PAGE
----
It was like any other late Sunday night: I was eating in my favorite chair, watching British comedies on PBS.
Historically, TV and eating go together in my family.
While we were far from independently wealthy, my dad made sure of two things: We always ate good and we always had a decent TV.
(Well, actually, Dad made sure of three things: “Don’t stand in front of the TV when the Cowboys were on.”)… Read the rest
I recently enjoyed a brief conversation with a “seasoned” pastor, in which we acknowledged our common experience of needing to be wise in how we budget our energy at this stage in life. We can’t do everything we did when we were young bucks in the ministry.
Our experience is not unique to pastors. It is probably true of every person in leadership, but the life of a pastor is what I know best.… Read the rest
While I was doing intensive research on the military in Fort Worth for my book Arsenal of Defense, I faithfully attended meetings of a local B-36 Peacemaker Association. A few years ago some members of the group- – retired aircraft workers from General Dynamics (now Lockheed Martin) and from Carswell, Air Force Base (now the Naval Air Station Fort Worth) – donated nearly 50,000 work hours and restored a B-36 airplane.… Read the rest
Polls continued to show Republican candidates ahead in top-of-ballot races as Texas moved closer to the Oct. 31 early voting deadline before Election Day, Nov. 4.
Political campaigns continued to work feverishly across Texas, knocking on doors, holding rallies, robocalling, planting signs, flooding mailboxes and barraging email accounts.
Gubernatorial candidates state Sen. Wendy Davis, D-Fort Worth, and Republican state Attorney General Greg Abbott, with their multi-million dollar advertising budgets, redoubled their appeals to television viewers. Abbott, ahead in the fundraising competition to fuel their respective campaigns in the closing days, and Davis were to report their campaign cash on hand totals to the Texas Ethics Commission on Oct.… Read the rest
Sometimes an event occurs that can rattle the foundations of small towns.
That’s what has happened with the eight-year sentence given to Travis Reed, a captain in the Briar Fire Department.
Originally arrested two years ago, Reed was convicted of indecency with a child on Oct. 17. He becomes eligible for parole in four years.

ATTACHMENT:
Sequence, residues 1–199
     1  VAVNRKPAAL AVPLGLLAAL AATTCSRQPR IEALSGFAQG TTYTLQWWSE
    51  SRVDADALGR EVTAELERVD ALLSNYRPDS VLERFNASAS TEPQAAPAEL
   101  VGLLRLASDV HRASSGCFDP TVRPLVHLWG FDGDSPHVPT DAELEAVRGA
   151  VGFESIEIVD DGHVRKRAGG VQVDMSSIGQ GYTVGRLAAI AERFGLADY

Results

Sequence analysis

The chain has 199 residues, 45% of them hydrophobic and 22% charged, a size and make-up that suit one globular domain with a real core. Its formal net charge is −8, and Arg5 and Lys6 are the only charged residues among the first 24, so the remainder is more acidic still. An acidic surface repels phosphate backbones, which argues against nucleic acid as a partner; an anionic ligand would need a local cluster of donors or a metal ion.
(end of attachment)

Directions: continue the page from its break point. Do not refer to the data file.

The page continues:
But the Briar Fire Department isn’t the only organization dazed by the verdict.… Read the rest
I thought that the only book written by a woman about a mid-19th century crossing along the Santa Fe Trail was Susan Magoffin’s in 1846-47, which I read years ago. A friend recently gave me a book called Land of Enchantment Memoirs of Marian Russell along the Santa Fe Trail.
Although first published in 1954, and reprinted in 1981, I had never seen it. I love stories written by real people who experienced adventures in the West first hand.… Read the rest
Sometimes you meet someone who really lived life.
That was David Brown, who died of pancreatic cancer and was buried Oct. 20.
His life, in only 67 years, was a template for everyone: Do good.
The first of many ways he contributed to the world came in the Army where he was a paratrooper.
David joined as a lieutenant after he graduated from TCU.
From there, he became a member of the Weatherford Fire Department, rising to the rank of captain and serving decades.… Read the rest
With early voting in Texas only days away, the U.S. Supreme Court on Oct. 18 let stand a U.S. Fifth Circuit Court of Appeals order, thereby allowing Texas’ 2011 voter identification law to remain in force for the time being.
Civil rights plaintiffs in Veasey et al. v. Perry et al. sought to have portions of the law declared unenforceable on constitutional grounds. In a Corpus Christi federal courtroom, U.S. District Judge Nelva Gonzales Ramos struck down the law and ordered the state to return to election law practices in place before the Legislature passed the law in 2011.… Read the rest
I’m not really a car guy.
When my fellow high schoolers were drooling over their first cars and getting them “souped up,” I was watching old scary movies and learning shorthand. (Today, I can remember only one thing in shorthand – and I advanced to regional in the UIL competition in 1973 – my first name.)
I just never got the car bug. I never drove fast; President Jimmy Carter’s lowering of the speed limit meant nothing to me since I was already driving only 55 miles per hour everywhere.… Read the rest
Famous journalist, writer, war correspondent, world traveler Ernest Hemingway, I think, was a western man. During the early 1930s he spent his winters in Florida, but he traveled to Wyoming and Idaho in the summers. He hunted deer, elk and grizzly bears. He even met with actor Gary Cooper in Idaho and hunted with him.
As a youngster Hemingway learned the love of the outdoors by hunting, fishing and camping with his physician father in the woods and lakes of Northern Michigan.… Read the rest